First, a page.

Fundraising Risks

In general, from the board perspective, my preference is to let the CEO and outside counsel sort out any SEC compliance issues. There are two kinds of problems that pop up over and over again: first, questions about whether the company can pay a finder’s fee in connection with introductions; and second, what the company is supposed to do with folks whose accredited investor status is in question.

On both of these issues, my experience and education has made me overqualified as a director to manage these particular risks. So, if there’s internal debate or fuzziness from outside counsel, I will add thoughts based on my own experience to help frame the issues.

Finder’s Fees

The short answer is that it usually violates the securities laws to pay someone 5% of the money that is invested by someone they introduce. (Plus, that's too much for a mere introduction in any case.) Registered broker-dealers, i.e., investment banks, are permitted to charge a percentage (which the SEC calls “transaction-based consideration”).

This rule applies to directors, officers, and employees. You can’t pay the new CEO a percentage of the money they bring in in the next funding round. You might give them a flat-dollar bonus based on the milestone of closing at least $X, but that’s as close as you should even think about getting to that line. Even that approach will break if you try to get cute: $50k for $5m round, $100k for a $10m round, and so on. The SEC will not be amused.

Yes, lots of people violate this law, and the SEC rarely imposes sanctions or brings cases unless there’s also fraud involved. But an unhappy investor is certainly capable of bringing a fraud claim. Do you want to put your personal assets at risk? Do you want to gamble with a losing case on a federal crime? I don’t, and I think most people shouldn’t either.

Accredited Investor Status

The SEC has created a number of regulations that provide safe harbors for certain non-public securities offerings to help channel folks toward good behavior that is intended to minimize the risks of fraud or of unknowing investment by the general public.

The accredited investor test is a cornerstone of this regulatory scheme. Many people think that the rule prohibits people who don’t meet the income or net worth tests from investing in private companies. That’s not true, and even people who should know better repeat it.

What the regulations do say to a company is that if you want to sell securities to accredited investors, there are generally no specific disclosure requirements: those folks are presumed to be able to look out for their own interests or to obtain learned advice from a third party to protect their interests.

If you want to sell to people who aren’t accredited investors, you have two options: Reg CF (for crowdfunding) which is relatively new, or make an awful lot of disclosures.

Companies could all raise money from the general public. But they uniformly reject the cost of those disclosures and don’t do it.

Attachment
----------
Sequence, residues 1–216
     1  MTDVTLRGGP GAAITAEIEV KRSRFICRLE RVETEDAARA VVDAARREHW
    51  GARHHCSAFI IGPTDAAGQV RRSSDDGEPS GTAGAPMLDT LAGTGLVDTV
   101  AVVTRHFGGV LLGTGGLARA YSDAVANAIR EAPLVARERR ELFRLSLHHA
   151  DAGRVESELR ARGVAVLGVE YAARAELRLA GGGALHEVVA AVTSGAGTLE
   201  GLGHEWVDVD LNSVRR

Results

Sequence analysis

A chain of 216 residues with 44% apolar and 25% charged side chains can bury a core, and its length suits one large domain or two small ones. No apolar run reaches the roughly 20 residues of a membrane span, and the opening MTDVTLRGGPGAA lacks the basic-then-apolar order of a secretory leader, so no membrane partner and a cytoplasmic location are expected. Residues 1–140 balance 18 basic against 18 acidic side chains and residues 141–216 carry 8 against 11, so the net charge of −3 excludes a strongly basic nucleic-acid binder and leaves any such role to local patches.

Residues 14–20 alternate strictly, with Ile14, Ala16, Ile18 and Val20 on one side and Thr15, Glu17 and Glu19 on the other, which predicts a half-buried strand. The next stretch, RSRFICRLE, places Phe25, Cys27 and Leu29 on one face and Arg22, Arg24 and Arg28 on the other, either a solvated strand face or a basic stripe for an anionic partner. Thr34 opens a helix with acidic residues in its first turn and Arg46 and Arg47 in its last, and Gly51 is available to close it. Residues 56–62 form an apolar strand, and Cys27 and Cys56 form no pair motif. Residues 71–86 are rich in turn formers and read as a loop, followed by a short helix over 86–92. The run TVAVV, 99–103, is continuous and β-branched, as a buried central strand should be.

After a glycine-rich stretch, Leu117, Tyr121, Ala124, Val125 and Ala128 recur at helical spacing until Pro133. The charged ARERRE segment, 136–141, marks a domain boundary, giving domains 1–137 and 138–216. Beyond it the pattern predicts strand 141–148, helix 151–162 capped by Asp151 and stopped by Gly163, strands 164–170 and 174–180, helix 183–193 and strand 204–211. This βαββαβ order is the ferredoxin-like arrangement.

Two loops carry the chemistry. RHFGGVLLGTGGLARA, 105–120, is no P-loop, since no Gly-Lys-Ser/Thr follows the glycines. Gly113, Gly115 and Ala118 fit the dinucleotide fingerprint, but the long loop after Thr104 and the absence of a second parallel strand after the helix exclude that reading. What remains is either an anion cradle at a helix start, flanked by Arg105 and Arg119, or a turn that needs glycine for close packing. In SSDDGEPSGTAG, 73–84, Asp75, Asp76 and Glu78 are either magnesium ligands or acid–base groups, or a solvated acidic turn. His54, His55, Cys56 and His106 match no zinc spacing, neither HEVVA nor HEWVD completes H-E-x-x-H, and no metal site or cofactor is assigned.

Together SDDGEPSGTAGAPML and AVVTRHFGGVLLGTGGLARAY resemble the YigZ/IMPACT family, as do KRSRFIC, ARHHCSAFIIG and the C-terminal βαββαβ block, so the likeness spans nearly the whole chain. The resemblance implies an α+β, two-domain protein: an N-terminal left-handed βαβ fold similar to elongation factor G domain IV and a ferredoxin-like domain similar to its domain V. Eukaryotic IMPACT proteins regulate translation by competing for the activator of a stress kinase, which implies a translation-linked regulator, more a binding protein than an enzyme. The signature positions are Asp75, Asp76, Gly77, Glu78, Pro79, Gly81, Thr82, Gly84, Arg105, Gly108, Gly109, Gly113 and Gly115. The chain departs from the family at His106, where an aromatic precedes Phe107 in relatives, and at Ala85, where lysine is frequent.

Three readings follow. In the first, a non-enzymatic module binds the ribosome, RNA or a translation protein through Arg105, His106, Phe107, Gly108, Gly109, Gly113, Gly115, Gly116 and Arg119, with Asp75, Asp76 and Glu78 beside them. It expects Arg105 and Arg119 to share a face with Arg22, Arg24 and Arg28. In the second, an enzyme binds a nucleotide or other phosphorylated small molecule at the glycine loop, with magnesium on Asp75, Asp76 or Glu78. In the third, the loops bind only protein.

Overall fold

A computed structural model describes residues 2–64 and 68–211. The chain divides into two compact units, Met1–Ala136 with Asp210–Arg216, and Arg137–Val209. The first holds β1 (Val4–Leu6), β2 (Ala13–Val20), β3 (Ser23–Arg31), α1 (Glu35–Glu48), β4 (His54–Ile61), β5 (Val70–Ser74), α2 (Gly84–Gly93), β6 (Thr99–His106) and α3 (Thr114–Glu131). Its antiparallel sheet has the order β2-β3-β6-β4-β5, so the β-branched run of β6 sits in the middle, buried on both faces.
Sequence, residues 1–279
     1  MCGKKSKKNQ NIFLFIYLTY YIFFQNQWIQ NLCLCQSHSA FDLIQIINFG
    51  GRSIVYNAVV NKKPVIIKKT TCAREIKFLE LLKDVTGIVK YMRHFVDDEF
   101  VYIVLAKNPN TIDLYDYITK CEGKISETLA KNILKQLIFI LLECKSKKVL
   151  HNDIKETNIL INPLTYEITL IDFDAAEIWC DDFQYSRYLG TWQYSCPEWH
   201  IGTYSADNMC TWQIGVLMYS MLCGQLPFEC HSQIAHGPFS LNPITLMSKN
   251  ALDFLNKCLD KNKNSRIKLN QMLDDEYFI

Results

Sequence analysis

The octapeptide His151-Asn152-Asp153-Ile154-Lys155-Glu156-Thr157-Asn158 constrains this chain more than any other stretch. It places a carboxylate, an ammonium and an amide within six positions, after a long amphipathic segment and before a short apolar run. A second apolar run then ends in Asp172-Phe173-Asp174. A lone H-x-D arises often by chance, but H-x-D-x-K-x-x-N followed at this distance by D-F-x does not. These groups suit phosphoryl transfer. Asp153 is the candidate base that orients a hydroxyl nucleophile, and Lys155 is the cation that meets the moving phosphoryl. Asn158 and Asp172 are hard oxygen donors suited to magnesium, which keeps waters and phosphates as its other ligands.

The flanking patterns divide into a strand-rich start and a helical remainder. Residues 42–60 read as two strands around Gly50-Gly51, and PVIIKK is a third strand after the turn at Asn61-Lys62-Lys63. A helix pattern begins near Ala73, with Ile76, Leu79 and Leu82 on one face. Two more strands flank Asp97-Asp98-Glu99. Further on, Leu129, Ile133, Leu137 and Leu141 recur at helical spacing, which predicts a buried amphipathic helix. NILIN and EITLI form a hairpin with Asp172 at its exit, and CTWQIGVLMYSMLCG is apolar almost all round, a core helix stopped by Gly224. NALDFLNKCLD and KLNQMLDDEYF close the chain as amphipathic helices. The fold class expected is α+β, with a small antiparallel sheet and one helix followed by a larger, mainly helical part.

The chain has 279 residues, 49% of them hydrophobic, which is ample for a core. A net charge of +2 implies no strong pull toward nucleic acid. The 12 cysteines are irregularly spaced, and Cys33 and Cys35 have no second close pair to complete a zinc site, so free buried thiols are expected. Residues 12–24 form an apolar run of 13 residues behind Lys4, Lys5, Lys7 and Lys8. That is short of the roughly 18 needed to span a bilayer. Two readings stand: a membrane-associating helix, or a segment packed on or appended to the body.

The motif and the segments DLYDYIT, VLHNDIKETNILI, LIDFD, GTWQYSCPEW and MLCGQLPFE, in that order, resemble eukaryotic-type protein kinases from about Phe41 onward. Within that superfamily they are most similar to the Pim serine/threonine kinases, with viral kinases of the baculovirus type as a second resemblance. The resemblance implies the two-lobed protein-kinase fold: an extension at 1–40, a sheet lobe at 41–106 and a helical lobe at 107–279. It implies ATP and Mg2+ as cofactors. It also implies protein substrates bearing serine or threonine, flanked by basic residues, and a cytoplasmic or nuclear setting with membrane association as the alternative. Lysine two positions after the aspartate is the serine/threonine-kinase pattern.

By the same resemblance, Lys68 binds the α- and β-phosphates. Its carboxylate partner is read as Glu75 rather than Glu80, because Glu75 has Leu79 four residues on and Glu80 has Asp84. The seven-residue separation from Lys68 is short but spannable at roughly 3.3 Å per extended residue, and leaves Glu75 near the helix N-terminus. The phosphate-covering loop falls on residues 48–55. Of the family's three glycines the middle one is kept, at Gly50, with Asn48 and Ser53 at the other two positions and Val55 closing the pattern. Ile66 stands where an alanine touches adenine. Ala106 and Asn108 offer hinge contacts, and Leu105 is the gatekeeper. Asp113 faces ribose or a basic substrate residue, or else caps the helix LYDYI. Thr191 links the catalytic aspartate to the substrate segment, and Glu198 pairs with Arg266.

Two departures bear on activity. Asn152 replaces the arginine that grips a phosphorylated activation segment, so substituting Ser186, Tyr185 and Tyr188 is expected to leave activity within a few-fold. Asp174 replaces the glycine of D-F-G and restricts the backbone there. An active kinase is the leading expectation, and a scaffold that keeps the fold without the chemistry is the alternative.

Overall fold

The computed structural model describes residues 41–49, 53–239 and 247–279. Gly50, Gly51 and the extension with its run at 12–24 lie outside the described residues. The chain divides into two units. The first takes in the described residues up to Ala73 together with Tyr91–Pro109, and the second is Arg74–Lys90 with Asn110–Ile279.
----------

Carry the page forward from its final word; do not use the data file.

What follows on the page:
So, this background sets up the potential problem. If an investor is not sure if they’re an accredited investor, the company and its lawyers should generally avoid getting too close to that question. Provide resources and links to the SEC’s pages on the topic, but you generally want to stay out of the middle of it because a mistake just creates the potential for many headaches.

What I’ve seen companies do it harness a process that was added to Reg 506(c) to facilitate general solicitations, meaning letting a wide range of people know you’re trying to raise money. Before the revisions, goofing up this process led to a long quiet period, where the company would hopefully get everyone to forget its announcement, and then it would discuss financing only with specific persons with whom there was some kind of pre-existing relationship.

Now, 506(c) allows a company to make those kinds of broad announcements if it also takes “reasonable steps to verify” that each investor is in fact accredited. Essentially, this is more than what is required for a company not making the broad announcement.

So, a company that has a prospective investor who doesn’t know if they’re accredited can instead avoid getting entangled in that question or even trying to sort through the risks. Send the investor to one of the third-party verification services that sprang up after 506(c) was introduced. I haven’t used any of these, so here are just the first three I found doing a search:

  1. ($69)
  2. (they pitch you deals)
  3. ($59-$69)

Have the investor go figure it out and give you proof. Cheap insurance, no messy personal data flowing into your systems, and you’ve avoided giving anyone bad (or unintentionally biased) advice.

These aren’t the only ways of handling these two issues, but as a board member, you have a duty to know about these risks and to help the company mitigate these risks or avoid them entirely.